%\input{tcilatex} \documentclass{article} %%%%%%%%%%%%%%%%%%%%%%%%%%%%%%%%%%%%%%%%%%%%%%%%%%%%%%%%%%%%%%%%%%%%%%%%%%%%%%%%%%%%%%%%%%%%%%%%%%%%%%%%%%%%%%%%%%%%%%%%%%%%%%%%%%%%%%%%%%%%%%%%%%%%%%%%%%%%%%%%%%%%%%%%%%%%%%%%%%%%%%%%%%%%%%%%%%%%%%%%%%%%%%%%%%%%%%%%%%%%%%%%%%%%%%%%%%%%%%%%%%%%%%%%%%%% \usepackage{amsfonts} %TCIDATA{OutputFilter=LATEX.DLL} %TCIDATA{Version=5.00.0.2606} %TCIDATA{} %TCIDATA{BibliographyScheme=Manual} %TCIDATA{Created=Thursday, July 22, 2004 13:38:11} %TCIDATA{LastRevised=Wednesday, April 04, 2007 14:41:27} %TCIDATA{} %TCIDATA{} %TCIDATA{Language=American English} %TCIDATA{CSTFile=Math.cst} %TCIDATA{PageSetup=72,72,72,72,0} %TCIDATA{AllPages= %F=36,\PARA{038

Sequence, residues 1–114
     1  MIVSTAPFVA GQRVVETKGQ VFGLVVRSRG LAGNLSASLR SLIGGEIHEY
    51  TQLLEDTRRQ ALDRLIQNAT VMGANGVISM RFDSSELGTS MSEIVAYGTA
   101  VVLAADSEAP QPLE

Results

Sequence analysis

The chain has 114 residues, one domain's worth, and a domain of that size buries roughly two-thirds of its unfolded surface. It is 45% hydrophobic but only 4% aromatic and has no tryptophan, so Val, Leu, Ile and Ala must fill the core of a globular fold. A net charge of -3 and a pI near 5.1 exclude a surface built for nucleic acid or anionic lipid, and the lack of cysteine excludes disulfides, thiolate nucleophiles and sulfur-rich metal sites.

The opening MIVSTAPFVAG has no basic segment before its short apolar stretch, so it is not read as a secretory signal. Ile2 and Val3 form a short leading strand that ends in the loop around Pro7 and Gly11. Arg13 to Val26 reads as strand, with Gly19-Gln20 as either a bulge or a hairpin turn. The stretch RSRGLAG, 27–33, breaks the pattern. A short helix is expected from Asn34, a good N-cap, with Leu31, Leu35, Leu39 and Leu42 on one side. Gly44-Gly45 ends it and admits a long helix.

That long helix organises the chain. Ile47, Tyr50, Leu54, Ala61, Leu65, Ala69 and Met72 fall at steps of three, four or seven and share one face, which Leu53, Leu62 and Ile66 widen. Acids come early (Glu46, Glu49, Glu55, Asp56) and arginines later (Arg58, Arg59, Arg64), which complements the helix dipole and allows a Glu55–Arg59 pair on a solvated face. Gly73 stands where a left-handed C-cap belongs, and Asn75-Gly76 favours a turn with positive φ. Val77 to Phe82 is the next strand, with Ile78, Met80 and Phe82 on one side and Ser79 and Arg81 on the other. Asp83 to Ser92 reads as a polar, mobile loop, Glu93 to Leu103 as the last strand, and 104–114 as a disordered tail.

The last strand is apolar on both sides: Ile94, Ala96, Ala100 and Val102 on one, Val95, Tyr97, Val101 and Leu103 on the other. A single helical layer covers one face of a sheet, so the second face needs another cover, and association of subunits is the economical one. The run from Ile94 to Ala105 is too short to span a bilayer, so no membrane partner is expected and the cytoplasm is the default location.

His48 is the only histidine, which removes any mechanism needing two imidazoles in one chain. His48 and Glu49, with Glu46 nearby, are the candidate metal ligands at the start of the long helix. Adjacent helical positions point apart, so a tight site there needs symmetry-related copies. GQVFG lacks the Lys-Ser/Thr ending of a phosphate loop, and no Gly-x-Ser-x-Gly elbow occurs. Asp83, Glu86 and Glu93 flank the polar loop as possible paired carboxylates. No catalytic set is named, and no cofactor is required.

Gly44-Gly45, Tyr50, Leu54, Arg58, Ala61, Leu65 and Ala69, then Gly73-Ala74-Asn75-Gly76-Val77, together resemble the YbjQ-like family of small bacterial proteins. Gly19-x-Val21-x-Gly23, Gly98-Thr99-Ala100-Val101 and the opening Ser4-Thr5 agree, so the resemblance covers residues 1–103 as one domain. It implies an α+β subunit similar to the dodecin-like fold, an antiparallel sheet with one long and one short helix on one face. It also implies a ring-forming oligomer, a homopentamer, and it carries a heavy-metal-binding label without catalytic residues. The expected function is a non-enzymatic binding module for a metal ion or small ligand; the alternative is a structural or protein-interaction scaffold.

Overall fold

\hfill \thepage} %} \newtheorem{theorem}{Theorem} \newtheorem{acknowledgement}[theorem]{Acknowledgement} \newtheorem{algorithm}[theorem]{Algorithm} \newtheorem{axiom}[theorem]{Axiom} \newtheorem{case}[theorem]{Case} \newtheorem{claim}[theorem]{Claim} \newtheorem{conclusion}[theorem]{Conclusion} \newtheorem{condition}[theorem]{Condition} \newtheorem{conjecture}[theorem]{Conjecture} \newtheorem{corollary}[theorem]{Corollary} \newtheorem{criterion}[theorem]{Criterion} \newtheorem{definition}[theorem]{Definition} \newtheorem{example}[theorem]{Example} \newtheorem{exercise}[theorem]{Exercise} \newtheorem{lemma}[theorem]{Lemma} \newtheorem{notation}[theorem]{Notation} \newtheorem{problem}[theorem]{Problem} \newtheorem{proposition}[theorem]{Proposition} \newtheorem{remark}[theorem]{Remark} \newtheorem{solution}[theorem]{Solution} \newtheorem{summary}[theorem]{Summary} \newenvironment{proof}[Proof]{\noindent\textbf{#1.} }{\ \rule{0.5em}{0.5em}} \input{tcilatex} \begin{document} \section*{Problems and Comments for Section 5} \vspace{1pt} \textbf{Problems: }5.1, 5.2, 5.7, 5.18 (a), 5.19, 5.20, 5.21 \vspace{1pt}\textbf{Comments: }For a given algebra $(A,(f_{i})_{i\in I})$, a subset $C~$is called closed if it is closed under all the operations: If for example $f_{i}$ is a binary operation, say $\star ,$ and if $a,b\in C$ then also $a\star b\in C.$ Also a closed subset must contain all constants, which are the values of the nullary operations. For a group $\mathbf{G}=(G,\cdot ,^{-1},e)$ this means that a subset $C~$is closed if \begin{enumerate} \item If $a,b\in C$ then $a\cdot b\in C.$ \item If $a\in C$ then $a^{-1}\in C.$ \item $e\in C.$ \end{enumerate} One easily shows that the intersection of closed subsets is closed. The argument is the following. Assume that the $C_{t},t\in T,$ are closed subsets of the algebra $A.$ Let:% $C=\dbigcap\limits_{t\in T}C_{t}$ We wish to show that $C$ is closed. So assume, that $a,b\in C.$Then $a,b\in C_{t}$ for all $t\in T.$ Because each $C_{t}$ is closed we have that $a\star b\in C_{t}$ for all $t\in T.$ Hence $a\star b\in C.$ Of course, the whole algebra $A$ is closed. The empty set $\emptyset$ is closed only if the algebra does not have constant operations. It is clear that a closed subset of a group is a group where the group operations are restricted to the closed subset. This is so because the group axioms are equations. For example, associativity $a\cdot (b\cdot c)=(a\cdot b)\cdot c$ holds for all group elements, in particular then for elements of the closed subset. Thus it is appropriate to call a closed subset of a group a subgroup. A closed subset of an arbitrary algebra is called a subalgebra. For any subset $S$ of an algebra $A,$ the intersection of all closed subsets of $A$ which contain $S$ is a subalgebra. It is called the subalgebra generated by $S~$and it is of course then the smallest subalgebra that contains $S$ and is denoted $.$ For a group $G$, and $S=\{a\},$ the subgroup generated by $\{a\}$ is then the cyclic group generated by $a.$ \end{document}